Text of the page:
© 2024 Red River Radio
Voice of the Community
Play Live Radio
Next Up:
0:00 0:00
Available On Air Stations

Potential Legal & Safety Risks of Permitless Conceal Carry

WOSU Public Media

Louisiana joins Arkansas, Texas and Oklahoma which also have permitless conceal carry.

Louisiana has now become the 28th state in the country that allows residents to carry a concealed handgun without a permit. In our four state region, Louisiana joins Arkansas, Texas and Oklahoma which also have permitless conceal carry. On February 28, 2024, the Louisiana House passed Senate Bill 1 in a 75-28 vote. Governor Jeff Landry signed SB 1 into law the following week, on Tuesday, March 5.
Like Arkansas, Louisiana will join a number of other states where the law would apply to those as young as 18 – when it goes into effect on July 4th.
[Eight states allow 18-year-olds to permitless conceal carry: Idaho, Indiana, Mississippi, Montana, New Hampshire, North Dakota, South Dakota, and Vermont. Four states allow 18 years of age for members of the military: Georgia, Missouri, Oklahoma, and Tennessee].
Back in 2021, Democratic Governor John Bel Edwards vetoed similar legislation. Then, in Spring 2023, during the regular legislative session in Baton Rouge, another similar bill was considered, as well.

U.S. Concealed Carry

In all, Gov. Landry has signed 11 bills this week, that came out of the special legislative session in late February, with the stated goal of cracking down on violent crime in Louisiana. Other tough-on-crime legislation that lawmakers approved includes an expansion in death row execution methods to include the use of nitrogen gas and electrocution.
Another new law all but eliminates parole for anyone convicted after August 1, 2024, with few exceptions. And still other bills will treat 17-year-olds who commit a crime as adults and publish court minutes for youth accused of violent crimes.
Supporters of permitless conceal carry call it “constitutional carry” because they felt the permit process was unconstitutional. This legislation will negate not only the cost of a government permit, but also requiring you to have your fingerprints taken or having to complete a firearm training course. A recent study of 11 states that removed concealed carry licensing found rates of violent gun assaults increased by 32%.
Lawmakers also approved a bill that provides a level of immunity from civil liability for someone who holds a concealed carry permit and uses their firearm to shoot a person in self-defense. Even without a permit, there are still restrictions on carrying a firearm in certain areas, including schools, churches, police states, courthouses, and the capitol.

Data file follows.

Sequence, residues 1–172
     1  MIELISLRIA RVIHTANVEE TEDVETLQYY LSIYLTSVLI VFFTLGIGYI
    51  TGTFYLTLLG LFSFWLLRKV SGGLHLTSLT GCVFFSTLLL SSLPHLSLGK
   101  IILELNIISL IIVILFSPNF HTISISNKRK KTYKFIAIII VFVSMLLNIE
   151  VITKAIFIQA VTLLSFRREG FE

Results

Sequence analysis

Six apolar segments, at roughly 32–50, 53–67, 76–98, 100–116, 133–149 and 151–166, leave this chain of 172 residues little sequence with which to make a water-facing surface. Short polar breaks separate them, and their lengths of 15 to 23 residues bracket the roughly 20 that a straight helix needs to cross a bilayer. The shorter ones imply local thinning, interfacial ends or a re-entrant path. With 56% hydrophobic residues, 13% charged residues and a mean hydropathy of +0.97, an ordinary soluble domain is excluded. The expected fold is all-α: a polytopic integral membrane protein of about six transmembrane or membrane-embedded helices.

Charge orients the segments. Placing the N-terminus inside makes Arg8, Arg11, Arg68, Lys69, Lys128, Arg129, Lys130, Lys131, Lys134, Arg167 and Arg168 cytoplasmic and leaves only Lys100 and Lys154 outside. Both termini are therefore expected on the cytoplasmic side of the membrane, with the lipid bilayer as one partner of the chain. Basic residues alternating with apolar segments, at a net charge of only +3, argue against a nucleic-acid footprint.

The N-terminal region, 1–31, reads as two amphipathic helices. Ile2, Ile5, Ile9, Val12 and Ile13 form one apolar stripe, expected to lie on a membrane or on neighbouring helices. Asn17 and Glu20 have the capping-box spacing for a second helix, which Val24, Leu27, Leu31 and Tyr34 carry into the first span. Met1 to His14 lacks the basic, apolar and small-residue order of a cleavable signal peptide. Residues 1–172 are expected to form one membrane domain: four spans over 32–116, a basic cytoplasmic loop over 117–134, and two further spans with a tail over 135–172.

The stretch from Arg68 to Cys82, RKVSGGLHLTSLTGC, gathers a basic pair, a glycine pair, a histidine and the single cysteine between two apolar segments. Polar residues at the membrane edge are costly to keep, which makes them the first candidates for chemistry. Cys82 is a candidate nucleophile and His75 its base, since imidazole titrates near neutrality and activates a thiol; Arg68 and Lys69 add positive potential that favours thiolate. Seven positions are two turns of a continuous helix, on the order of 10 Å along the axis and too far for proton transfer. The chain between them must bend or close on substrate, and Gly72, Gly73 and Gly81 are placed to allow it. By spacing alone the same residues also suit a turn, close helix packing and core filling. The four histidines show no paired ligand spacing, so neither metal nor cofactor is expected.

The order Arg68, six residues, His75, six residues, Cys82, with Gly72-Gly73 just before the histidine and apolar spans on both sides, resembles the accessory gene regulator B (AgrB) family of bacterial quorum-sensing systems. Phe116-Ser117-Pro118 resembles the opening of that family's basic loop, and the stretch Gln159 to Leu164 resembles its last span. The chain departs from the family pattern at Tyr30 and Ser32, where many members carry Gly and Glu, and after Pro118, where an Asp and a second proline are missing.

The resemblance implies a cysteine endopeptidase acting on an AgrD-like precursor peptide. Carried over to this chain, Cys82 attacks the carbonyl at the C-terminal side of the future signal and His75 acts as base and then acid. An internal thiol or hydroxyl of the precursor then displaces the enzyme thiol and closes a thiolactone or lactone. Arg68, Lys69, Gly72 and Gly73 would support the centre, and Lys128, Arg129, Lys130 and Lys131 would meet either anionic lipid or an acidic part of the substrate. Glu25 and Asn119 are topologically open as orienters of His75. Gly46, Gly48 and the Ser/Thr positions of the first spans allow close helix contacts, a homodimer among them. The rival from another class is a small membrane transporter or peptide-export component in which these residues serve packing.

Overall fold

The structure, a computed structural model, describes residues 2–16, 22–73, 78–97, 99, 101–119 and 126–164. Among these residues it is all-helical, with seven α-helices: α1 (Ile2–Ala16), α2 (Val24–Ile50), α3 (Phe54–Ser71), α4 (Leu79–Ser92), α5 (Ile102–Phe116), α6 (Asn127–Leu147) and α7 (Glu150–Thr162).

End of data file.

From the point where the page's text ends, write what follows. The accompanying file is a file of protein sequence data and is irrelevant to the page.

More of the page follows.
Yet, even among some gun advocates, there are a few concerns. Chief among them is the lack of gun safety training. This includes education about when you can and cannot use lethal force. By law, a person must reasonably believe there is an imminent threat of death or serious physical harm to yourself or others.
That sounds simple enough in theory. But in real-life scenarios accurately defining “imminent threat” is critical. For example, if an alleged attacker suddenly turns away, and no longer poses an imminent threat at that moment, you cannot shoot that person in the back. The same is true for someone who runs away. You cannot chase them down and shoot them.
Here's another scenario to consider. Let’s say it’s 3:00 a.m. and you see a trespasser trying to break into your car in your driveway, so you confront the person armed with your gun. Former Gun range owner and firearms Instructor Paul Murray explains, “You’re the one that’s introducing a gun into the situation. If the other guy doesn’t have a gun. He’s just, maybe all he had was a screwdriver and he broke into your car, I can’t go out and shoot him because he’s in the car. Now, if I’m in the car and he does that, yeah, that’s a different story because your home, your vehicle is considered an extension of your home. And if you’re inside it and somebody comes up and busts the window and they’re grabbing you, that changes everything because your life is in danger.”


Murray cautions that simple trespassing or property crime is not an imminent threat and using lethal force, without exacerbating circumstances, can land you in prison. That’s why Murray strongly urges people to get safety training because ignorance of the law is not a legal defense.
Murray strongly urges new gun owners, with no previous training to seek it out immediately. Beyond knowing the intricacies of “shoot – no shoot scenarios,” he says training can also help break any bad habits that a gun owner may have in handling a firearm, which can help prevent situations like an accidental discharge of the firearm which can injure or kill you or someone else. This too can lead to criminal charges depending on the exact circumstances.
Firearms safety training can also help emphasize the correct way to store your firearm(s), which can help prevent a tragic situation unfolding with children, for example, or allow the weapon to be stolen. Such situations also come with their own potential exposure to criminal charges.

Originally from the Pacific Northwest, and a graduate of the University of Washington, Jeff began his on-air broadcasting career 33 years ago in the Black Hills of South Dakota as a general assignment reporter.